What happens if Mueller comes up empty

In recent weeks, a new consensus has emerged among many legal analysts and observers: Special counsel Robert...

Posted: Jan. 4, 2019 12:34 PM
Updated: Jan. 4, 2019 12:34 PM

In recent weeks, a new consensus has emerged among many legal analysts and observers: Special counsel Robert Mueller is finally closing in on President Trump. This could be correct, but at present, it is still mostly conjecture. There remains a real possibility that Mueller will come up empty, at least in connection with President Donald Trump, his family, and high-level advisers.

Neither liberals nor conservatives have adequately considered this prospect. They should.

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For liberals, it is an article of faith that Mueller will produce a damning report if only he is allowed to complete his investigation. Conservatives dispute this, but their incessant attacks on Mueller suggest a far more pessimistic outlook. Why try to destroy the man who is about to exonerate you?

This view is broadly shared for a reason. By historical standards, Mueller has run an extraordinarily effective and efficient investigation. He has already indicted dozens of Russian nationals for meddling in the 2016 election. More important, he has negotiated plea agreements with senior officials from Trump's campaign, including Paul Manafort's protégé, Rick Gates, and retired Lt. Gen. Michael Flynn. Experienced prosecutors enter such agreements only when a witness can offer significant ammunition against higher-value targets.

Plenty of evidence in the public record also suggests that Trump's campaign may indeed have sought to collude with the Russian government. The Trump Tower meeting has been hiding in plain sight, despite widespread media coverage, for more than a year, as have Roger Stone's tweets. There is even stronger evidence suggesting that Trump's efforts to stymie federal investigators amount to obstruction of justice. Trump's Twitter feed alone might establish probable cause to bring charges in an ordinary case.

But Mueller himself has been almost totally silent. Outside the special counsel's team, no one really knows what evidence he has found or what conclusions he has drawn. Many of the possible crimes he is investigating turn on questions of intent that are legally murky and notoriously difficult to prove. It is impossible to rule out the possibility that the investigation will end with a whimper, rather than a bang.

If it does, liberals are sure to be despondent. Many of them have been counting on Robert Mueller to rescue them from the waking nightmare of Trump's presidency. As long as he is on the case, they have had at least one reason for hope. Conservatives, by contrast, will feel gleefully vindicated. It is easy to imagine Trump gloating for weeks, even years, at his rallies and on Twitter.

Both sides would be wrong.

If Mueller completes his investigation without further interference, that in itself will be a victory for the rule of law. Trump has tried mightily to shut the special counsel down. That he has failed thus far is already something of a miracle. More to the point, it is a testament to the resilience of American institutions under extraordinary strain.

Mueller's defenders should insist upon this. All along, their rallying cry has been the principle that no one, not even the President, is above the law. When the President and his close advisers are credibly implicated in criminal activity, this principle demands a searching and independent investigation, free from political interference. If Mueller succeeds in completing such an investigation, the rule of law will have prevailed, whatever the result. That is something to celebrate.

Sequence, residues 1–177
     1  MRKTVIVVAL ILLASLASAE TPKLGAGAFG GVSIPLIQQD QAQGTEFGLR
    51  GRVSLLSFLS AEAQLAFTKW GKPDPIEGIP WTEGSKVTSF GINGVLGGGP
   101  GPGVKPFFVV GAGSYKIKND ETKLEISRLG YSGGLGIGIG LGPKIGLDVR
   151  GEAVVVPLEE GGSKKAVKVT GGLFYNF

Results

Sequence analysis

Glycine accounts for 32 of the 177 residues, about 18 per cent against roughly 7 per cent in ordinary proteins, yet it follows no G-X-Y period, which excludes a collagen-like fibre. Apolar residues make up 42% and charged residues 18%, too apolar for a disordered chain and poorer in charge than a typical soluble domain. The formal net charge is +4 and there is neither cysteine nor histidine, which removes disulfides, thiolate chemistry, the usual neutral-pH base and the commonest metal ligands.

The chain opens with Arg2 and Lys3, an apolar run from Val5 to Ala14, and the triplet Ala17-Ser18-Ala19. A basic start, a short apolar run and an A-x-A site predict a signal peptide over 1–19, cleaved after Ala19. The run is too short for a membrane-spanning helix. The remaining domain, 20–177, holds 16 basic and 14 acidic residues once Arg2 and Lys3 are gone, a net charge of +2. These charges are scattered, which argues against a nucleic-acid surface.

Won't this also vindicate Trump? It will not. At most, it will establish that he is probably not a criminal -- at least so far as Russian election meddling is concerned. (Campaign finance violations are another story, as Michael Cohen's sentencing memo makes clear.) It will not establish that the investigation was a witch hunt or even a waste of time. The whole point of an investigation is to find answers. Without Mueller's investigation, we would never know if the credible allegations against Trump and his associates were true.

Most important, the rule of law will have prevailed despite Trump's relentless efforts to undermine it -- and only by a hair's breadth. No matter what happens, Trump's behavior sets an ominous precedent. For better or worse, the democratic norms that make up the fabric of our constitutional order are fashioned from -- or eroded by -- historical episodes like this one.

When Ulysses S. Grant fired the first special prosecutor in US history in 1875, norms of presidential conduct remained weak for decades. When Richard Nixon fired Watergate special prosecutor Archibald Cox, the public backlash forced him to appoint another genuine replacement, who ultimately forced Nixon's resignation. This episode served as a cautionary tale restraining presidents for two generations.

If Mueller completes his investigation without interference, the norm established by Watergate will remain superficially intact. But Trump will have rendered it far weaker and more fragile than it appeared just two years ago. The next time a president is accused of a crime, this weakened norm may not be enough to restrain him. For this, Trump deserves lasting censure, regardless of the investigation's outcome.

If there was no collusion and no obstruction, the irony is that Trump could have avoided all of this -- the damage to the rule of law and to his presidency -- by cooperating fully and letting Mueller's probe run its course. If future presidents take any lesson away from Trump, let us hope it is this one.

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